I have just started disability retirement. After figuring out the bills, I come up short. I called Spectrum to drop the HD channels and was informed that starting next month, all tvs must have a digital box. That forced me to drop one of the tvs. I have been paying Time Warner for 100mps for years but did a speed test to discover the speed is below 50 so I figure I will negotiate with them for the lower speed. My main question is: Blu Ray players have come way down in price and I know they have wi-fi capability. What options should I look out for? Will I have to buy a player for each tv? Are there conversion cords that will work with 20+ year televisions to connect blue ray?
An HD antenna won’t give you all of the channels you would have access to if you purchased a cable subscription. However, it will increase the number of channels you can watch on local TV. And the one-time cost (as opposed to an ongoing monthly fee) means you’ll save money. It can be another attractive feature of using antennas to expand your viewing choices.
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By comparison, traditional TV providers face a huge risk in diverging from the status quo. Just look at what’s happening with DirecTV and Dish Network: Both companies dove headfirst into streaming with DirecTV Now and Sling TV respectively, yet those services aren’t drawing enough subscribers to compensate for the hundreds of thousands of customers now fleeing satellite TV every quarter.
If any of these options think they are worthy to cause one to cut the cord they are all sadly mistaken. Once you add the total cost these options charge, just to get the more highly desirable stations most people expect, you run into limitations: how many devices you can stream simultaneously, how much bandwidth you would need to even maintain stability, and how much more speed you’ll have to pay for with your internet provider to get it. It’s almost as if they are pushing potential cord cutters right back to their cable providers. Not to mention, Comcast/Xfinity, as much as I despise them, gives more reasonable offers for less cost, with anywhere DVR – both local and cloud based.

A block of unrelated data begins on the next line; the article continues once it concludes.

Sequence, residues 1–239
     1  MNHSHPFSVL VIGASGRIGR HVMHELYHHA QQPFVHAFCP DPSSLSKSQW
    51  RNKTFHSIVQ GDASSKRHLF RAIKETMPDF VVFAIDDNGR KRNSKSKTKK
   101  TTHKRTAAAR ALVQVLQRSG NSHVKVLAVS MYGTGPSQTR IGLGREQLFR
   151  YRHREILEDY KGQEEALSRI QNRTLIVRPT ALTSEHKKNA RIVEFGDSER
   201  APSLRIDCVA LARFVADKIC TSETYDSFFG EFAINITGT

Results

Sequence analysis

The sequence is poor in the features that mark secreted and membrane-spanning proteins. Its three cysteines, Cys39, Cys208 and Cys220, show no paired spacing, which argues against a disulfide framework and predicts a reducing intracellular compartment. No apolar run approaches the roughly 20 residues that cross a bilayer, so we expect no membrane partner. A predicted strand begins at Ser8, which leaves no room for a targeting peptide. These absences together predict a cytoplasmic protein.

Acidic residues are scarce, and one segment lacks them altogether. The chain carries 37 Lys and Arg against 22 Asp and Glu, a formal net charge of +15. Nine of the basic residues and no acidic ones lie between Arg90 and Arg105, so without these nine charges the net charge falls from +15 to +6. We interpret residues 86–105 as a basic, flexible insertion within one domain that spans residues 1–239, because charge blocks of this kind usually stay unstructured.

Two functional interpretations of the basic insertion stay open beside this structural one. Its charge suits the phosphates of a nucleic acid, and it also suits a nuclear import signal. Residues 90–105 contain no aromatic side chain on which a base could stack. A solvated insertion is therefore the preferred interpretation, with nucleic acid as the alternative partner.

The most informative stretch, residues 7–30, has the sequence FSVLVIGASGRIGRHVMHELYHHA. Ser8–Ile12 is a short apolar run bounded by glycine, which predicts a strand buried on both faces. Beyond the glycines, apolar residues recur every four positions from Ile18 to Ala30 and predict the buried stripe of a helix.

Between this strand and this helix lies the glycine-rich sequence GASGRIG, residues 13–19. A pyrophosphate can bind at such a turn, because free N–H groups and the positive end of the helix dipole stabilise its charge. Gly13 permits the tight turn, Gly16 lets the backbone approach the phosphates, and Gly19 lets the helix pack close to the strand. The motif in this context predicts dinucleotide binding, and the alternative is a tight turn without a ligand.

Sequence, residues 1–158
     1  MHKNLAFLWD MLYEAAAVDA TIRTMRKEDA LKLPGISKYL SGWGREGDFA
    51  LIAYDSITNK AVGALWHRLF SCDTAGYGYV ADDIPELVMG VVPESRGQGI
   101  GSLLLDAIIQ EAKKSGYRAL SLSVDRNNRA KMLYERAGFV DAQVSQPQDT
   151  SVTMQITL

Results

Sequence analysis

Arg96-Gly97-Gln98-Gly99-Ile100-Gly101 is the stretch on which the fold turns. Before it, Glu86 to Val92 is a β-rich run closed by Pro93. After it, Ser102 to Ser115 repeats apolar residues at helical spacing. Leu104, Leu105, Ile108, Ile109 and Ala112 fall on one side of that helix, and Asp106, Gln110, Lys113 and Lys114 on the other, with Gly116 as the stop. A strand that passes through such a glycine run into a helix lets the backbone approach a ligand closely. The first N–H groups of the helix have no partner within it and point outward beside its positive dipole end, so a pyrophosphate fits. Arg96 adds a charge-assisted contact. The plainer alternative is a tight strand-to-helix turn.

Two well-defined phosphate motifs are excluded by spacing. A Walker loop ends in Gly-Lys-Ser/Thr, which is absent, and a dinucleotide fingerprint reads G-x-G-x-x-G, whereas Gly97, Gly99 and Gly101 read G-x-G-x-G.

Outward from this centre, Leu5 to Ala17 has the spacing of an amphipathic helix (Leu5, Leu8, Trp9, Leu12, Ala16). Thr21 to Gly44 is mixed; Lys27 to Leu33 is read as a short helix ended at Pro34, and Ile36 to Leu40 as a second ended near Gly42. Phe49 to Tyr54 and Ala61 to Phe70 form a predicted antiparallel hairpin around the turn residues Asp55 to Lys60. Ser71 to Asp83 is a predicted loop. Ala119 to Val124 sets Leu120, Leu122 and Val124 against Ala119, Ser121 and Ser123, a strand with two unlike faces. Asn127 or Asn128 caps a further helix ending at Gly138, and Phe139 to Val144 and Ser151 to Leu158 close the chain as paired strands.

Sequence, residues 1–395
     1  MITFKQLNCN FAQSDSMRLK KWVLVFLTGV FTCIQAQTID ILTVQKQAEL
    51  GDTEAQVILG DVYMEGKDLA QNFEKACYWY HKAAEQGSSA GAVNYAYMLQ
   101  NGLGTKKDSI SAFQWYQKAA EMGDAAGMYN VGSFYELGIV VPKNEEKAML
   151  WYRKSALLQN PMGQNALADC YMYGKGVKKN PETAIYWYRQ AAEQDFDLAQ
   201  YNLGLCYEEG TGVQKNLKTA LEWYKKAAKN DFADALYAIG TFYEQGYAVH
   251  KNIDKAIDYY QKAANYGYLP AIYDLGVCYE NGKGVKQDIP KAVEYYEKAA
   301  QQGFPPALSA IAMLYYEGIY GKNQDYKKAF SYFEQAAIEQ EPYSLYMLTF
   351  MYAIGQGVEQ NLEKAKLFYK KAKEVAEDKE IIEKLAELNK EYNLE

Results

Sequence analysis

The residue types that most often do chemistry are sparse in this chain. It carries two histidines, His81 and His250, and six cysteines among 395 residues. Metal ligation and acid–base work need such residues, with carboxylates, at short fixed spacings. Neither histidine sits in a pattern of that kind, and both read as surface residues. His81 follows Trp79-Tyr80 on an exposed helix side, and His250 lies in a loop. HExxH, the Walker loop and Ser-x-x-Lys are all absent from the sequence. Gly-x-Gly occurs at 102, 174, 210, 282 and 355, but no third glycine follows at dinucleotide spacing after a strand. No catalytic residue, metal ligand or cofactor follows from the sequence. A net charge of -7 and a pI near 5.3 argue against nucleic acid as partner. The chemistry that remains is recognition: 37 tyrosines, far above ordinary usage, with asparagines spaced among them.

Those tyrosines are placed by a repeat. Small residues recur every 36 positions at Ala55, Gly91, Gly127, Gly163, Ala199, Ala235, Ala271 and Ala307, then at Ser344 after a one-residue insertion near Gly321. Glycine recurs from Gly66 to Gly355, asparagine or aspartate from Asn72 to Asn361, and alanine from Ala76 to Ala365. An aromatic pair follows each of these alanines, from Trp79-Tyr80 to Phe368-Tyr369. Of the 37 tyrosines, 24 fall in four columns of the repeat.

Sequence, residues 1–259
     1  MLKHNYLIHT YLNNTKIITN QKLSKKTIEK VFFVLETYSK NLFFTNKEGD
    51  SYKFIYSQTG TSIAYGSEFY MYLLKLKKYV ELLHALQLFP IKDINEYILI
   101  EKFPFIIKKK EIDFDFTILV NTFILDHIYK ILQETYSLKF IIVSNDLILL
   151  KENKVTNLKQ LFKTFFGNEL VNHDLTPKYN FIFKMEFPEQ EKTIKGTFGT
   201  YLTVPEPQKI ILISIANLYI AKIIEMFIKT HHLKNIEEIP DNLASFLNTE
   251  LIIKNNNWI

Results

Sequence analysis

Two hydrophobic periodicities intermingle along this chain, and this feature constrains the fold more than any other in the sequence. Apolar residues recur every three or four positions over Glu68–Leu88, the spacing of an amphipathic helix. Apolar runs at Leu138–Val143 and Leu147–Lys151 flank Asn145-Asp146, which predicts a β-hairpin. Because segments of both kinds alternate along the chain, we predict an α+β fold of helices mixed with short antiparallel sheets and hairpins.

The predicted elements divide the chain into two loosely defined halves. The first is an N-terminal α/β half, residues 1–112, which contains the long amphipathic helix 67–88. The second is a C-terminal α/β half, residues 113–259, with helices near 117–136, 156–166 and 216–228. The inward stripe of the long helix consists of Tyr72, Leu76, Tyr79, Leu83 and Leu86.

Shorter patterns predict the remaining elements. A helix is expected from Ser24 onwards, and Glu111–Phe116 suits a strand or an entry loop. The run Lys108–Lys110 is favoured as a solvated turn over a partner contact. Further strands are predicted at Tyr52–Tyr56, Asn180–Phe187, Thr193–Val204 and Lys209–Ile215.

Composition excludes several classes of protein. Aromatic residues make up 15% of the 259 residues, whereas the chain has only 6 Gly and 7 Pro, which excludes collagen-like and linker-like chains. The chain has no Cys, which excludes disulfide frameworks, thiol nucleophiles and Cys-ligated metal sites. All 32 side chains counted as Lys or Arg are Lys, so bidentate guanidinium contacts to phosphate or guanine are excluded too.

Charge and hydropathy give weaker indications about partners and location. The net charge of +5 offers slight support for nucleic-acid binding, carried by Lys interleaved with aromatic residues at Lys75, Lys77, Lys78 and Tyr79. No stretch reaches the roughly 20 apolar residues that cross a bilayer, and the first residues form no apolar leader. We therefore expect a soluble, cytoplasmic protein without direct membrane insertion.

You may need to check with your internet provider before you decide to switch to streaming only options and see what kind of usage limits they enforce. A friend of mine just got burned when he suddenly found out his ISP didn’t appreciate the bandwidth usage and cut off his service for the month after he streamed 10 hours or so of video. He had to ride out the rest of month with no cable and no internet.
Yes, Amazon Prime requires an internet connection to stream video. I recommend getting cable internet vs. dial up or DSL. DSL may be fast enough, but dial up will not be. A basic cable internet package should be enough for streaming video. Try the minimum plan, but if it isn’t fast enough, then bump up the service one level, try that, and repeat if necessary. But you should be fine with the basic package. Also be sure to check how much data streaming you have to be sure you don’t go over the plan limits, as that may be expensive, depending on your internet provider (many plans offer unlimited downloads, but it’s still a good idea to check).
Cable TV is what we have known for years. Only recently have we truly become acquainted with the ease of streaming video on demand. So what’s the difference? For starters, cable TV is easier for renters, doesn’t require a long-term contract, and isn’t affected by weather. Satellite, on the other hand, is cheaper and can be affected by weather. Satellite is available everywhere — you only need the sky. You can begin comparing satellite tv and cable tv right away. Here’s a list of satellite and cable tv pros to get you going: